Boeing's second 787 test aircraft has completed its first flight.
The aircraft - dubbed ZA002 - took off from Paine Filed at the company's Everett, Washington facility at 909 PT and landed at Boeing Field in Seattle at 1110 PT.
The aircraft, flown by Capt. Randy Neville and co-piloted by chief project pilot Mike Carriker, reached a maximum altitude of 3,962m (13,000ft) and a speed of 370kph (200kts) during the 2hr and 1min maiden flight.
ZA002, which featured the livery of launch customer All Nippon Airways, is powered by twin Rolls-Royce Trent 1000 engines and will primarily be responsible for systems testing during the nine-to-twelve month flight test programme.
ZA002 will accumulate the second most flight test hours after ZA001.
Early testing on ZA002, which is a fully instrumented aircraft, will establish the stability and control of the aircraft, followed by validation of the aircraft's electrical systems, avionics, propulsion and autopilot.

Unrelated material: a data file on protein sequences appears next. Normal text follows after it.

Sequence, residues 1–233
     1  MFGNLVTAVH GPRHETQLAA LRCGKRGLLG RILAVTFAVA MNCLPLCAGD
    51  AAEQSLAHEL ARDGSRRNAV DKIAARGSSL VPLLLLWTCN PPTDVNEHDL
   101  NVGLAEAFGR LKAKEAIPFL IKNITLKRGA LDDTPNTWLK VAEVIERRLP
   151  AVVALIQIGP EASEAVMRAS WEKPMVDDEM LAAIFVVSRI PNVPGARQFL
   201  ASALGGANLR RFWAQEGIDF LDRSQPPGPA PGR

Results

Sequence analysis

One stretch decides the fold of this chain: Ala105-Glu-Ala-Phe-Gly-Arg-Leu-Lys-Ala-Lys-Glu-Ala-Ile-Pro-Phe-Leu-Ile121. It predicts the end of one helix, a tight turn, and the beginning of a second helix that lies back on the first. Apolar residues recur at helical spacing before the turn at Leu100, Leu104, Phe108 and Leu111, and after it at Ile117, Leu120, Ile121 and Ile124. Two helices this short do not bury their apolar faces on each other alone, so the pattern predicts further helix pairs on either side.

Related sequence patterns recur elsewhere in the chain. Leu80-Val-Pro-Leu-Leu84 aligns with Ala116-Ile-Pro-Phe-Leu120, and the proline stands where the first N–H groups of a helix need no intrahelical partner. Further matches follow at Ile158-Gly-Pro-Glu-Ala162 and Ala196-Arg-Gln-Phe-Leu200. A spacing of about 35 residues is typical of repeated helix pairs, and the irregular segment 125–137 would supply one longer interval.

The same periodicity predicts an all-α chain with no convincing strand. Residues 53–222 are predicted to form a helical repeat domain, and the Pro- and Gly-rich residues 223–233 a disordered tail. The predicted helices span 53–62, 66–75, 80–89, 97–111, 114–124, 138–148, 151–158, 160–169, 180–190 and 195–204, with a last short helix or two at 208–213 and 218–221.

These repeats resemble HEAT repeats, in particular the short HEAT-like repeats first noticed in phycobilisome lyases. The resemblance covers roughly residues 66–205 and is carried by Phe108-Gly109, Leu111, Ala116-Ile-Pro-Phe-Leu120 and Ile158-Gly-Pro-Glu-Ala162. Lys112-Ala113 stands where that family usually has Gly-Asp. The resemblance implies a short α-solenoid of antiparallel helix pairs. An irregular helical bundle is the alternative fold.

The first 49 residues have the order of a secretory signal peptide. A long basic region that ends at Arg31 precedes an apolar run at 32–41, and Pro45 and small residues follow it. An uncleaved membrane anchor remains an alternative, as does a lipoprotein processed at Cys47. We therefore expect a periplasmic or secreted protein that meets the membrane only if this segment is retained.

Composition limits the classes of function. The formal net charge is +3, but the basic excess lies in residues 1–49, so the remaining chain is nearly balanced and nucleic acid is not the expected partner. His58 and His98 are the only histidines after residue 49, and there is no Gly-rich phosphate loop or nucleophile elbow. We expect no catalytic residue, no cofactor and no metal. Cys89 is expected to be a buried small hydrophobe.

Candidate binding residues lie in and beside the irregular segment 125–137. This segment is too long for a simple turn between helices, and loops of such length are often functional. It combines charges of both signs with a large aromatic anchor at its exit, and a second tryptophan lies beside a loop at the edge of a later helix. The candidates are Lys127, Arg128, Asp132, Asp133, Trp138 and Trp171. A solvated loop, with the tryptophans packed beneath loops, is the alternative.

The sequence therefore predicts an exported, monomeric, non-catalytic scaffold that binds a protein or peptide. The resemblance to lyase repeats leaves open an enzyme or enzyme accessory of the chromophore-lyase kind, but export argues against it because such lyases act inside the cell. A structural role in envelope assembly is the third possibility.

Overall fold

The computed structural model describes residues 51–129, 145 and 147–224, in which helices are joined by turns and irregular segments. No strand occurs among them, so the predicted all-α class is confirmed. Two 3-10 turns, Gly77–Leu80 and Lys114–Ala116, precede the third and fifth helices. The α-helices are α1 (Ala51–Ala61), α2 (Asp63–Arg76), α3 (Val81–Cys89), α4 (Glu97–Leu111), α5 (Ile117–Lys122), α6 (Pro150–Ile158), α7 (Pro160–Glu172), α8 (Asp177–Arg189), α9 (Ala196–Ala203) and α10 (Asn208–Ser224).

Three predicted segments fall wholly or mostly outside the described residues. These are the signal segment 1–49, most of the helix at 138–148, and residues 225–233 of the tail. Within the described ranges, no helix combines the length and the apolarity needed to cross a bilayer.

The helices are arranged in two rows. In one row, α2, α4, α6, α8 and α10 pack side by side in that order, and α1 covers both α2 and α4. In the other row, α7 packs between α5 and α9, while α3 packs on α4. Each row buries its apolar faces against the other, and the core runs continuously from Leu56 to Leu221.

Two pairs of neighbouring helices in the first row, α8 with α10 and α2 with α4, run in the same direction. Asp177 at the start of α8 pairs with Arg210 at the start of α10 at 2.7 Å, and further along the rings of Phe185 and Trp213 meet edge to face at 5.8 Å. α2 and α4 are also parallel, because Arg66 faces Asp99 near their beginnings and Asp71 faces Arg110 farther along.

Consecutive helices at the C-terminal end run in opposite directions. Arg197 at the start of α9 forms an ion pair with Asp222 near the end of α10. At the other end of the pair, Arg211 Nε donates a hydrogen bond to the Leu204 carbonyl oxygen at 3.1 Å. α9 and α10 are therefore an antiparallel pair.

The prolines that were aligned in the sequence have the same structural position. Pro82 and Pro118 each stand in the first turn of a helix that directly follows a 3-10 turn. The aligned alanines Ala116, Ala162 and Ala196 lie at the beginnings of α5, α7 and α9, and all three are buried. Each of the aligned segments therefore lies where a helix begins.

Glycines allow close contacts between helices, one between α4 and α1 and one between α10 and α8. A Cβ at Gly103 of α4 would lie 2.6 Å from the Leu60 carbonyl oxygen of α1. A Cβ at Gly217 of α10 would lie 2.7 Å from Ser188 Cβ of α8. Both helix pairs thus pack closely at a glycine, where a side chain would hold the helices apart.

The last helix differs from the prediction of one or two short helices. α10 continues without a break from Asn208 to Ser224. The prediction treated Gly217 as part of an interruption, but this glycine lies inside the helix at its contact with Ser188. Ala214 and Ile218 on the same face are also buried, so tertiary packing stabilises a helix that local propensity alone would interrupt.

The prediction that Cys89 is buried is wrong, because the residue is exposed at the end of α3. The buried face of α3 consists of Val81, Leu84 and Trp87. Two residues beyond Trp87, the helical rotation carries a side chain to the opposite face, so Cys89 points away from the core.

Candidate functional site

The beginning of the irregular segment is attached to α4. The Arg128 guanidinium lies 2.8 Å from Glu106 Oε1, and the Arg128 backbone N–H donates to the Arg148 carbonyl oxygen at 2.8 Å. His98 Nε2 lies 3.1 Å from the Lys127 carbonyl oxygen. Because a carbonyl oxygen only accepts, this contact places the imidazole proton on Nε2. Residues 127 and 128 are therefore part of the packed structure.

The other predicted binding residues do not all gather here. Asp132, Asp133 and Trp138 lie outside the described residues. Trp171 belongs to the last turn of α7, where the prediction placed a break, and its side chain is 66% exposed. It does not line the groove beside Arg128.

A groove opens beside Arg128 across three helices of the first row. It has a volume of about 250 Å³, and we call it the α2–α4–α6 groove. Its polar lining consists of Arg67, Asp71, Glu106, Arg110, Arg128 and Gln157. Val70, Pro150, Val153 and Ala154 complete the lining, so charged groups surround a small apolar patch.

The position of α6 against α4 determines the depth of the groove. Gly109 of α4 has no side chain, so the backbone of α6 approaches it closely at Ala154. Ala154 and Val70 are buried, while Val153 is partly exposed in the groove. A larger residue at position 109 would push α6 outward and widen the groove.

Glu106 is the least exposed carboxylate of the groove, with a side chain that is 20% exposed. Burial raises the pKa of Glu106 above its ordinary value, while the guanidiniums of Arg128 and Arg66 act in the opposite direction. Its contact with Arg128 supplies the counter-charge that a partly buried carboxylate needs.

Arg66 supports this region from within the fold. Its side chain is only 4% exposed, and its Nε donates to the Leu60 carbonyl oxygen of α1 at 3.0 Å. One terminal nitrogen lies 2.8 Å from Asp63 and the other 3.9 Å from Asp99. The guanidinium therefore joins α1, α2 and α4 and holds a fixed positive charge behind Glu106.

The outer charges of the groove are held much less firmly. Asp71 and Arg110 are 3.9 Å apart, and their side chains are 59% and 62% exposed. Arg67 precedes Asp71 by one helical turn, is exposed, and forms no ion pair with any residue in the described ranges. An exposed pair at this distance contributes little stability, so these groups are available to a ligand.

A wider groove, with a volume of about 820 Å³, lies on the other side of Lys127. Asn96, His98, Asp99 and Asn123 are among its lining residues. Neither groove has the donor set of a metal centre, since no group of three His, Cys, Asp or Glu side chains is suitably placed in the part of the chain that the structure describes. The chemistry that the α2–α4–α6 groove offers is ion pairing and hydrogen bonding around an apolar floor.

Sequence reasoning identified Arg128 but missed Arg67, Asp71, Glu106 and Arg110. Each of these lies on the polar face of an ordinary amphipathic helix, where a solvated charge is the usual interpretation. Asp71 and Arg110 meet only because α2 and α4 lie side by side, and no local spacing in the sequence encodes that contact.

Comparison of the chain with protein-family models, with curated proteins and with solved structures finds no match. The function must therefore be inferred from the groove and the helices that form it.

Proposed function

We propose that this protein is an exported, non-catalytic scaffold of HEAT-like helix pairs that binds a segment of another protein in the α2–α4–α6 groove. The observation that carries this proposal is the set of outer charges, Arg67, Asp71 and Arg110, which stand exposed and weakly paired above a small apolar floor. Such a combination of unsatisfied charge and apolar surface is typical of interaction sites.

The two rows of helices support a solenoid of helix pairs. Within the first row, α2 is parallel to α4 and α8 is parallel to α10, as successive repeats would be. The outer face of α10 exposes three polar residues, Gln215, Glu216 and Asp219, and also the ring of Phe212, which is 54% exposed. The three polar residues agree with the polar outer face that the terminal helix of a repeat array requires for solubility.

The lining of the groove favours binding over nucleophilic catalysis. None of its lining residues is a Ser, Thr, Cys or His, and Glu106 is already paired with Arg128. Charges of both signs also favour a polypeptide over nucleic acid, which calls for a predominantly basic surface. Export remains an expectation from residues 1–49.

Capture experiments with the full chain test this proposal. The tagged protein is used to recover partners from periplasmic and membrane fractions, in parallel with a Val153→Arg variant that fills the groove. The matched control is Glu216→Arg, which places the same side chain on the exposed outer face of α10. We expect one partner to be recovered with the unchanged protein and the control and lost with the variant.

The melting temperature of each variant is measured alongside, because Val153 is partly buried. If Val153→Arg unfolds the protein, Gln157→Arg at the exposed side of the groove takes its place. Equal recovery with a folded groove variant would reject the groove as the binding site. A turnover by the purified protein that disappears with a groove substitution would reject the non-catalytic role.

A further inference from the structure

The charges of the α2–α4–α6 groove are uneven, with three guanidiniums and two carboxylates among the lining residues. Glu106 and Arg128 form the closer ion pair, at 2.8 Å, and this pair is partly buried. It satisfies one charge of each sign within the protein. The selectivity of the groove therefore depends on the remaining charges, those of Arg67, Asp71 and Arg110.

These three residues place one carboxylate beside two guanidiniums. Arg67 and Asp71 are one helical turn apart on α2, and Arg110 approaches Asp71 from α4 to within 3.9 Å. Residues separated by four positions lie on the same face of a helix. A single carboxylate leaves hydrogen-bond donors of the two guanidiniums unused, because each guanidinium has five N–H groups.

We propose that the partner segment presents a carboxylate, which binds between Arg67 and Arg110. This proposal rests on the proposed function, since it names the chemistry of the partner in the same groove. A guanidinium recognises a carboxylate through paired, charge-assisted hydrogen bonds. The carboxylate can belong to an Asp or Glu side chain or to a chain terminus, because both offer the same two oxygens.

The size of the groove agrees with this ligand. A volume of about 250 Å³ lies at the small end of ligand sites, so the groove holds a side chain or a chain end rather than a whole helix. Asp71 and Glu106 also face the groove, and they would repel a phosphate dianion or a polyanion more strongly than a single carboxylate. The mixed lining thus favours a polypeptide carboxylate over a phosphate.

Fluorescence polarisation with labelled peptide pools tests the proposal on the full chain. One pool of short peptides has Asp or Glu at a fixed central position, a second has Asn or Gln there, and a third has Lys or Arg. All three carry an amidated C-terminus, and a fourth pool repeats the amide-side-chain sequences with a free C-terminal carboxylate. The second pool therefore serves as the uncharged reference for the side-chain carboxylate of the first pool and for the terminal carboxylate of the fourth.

During the flight Neville and Carriker noted a conflict in the data coming back from the landing gear, which had previously been retracted and extended in flight.
Neville, who was the pilot in command, opted to abort his approach to Boeing Field and head back along an area near Port Townsend and Sequim, Washington.
© Joe Walker
While Boeing did not identify the particular issue with the landing gear, one report by the Seattle Times noted that "part of the gear assembly" was "tilted to the aft by 15 degrees" citing a radio operator who overheard the conversations between ZA002 and the T-33 chase plane accompanying the aircraft.
Boeing declined to specify what was done to right this condition, but added that as part of the resolution the nose and main landing gear doors, typically stowed for landing, were deployed at touchdown.
With the conclusion of ZA002's first flight, the two flying 787s have amassed a total of 5hrs and 6min of flying time since 15 December.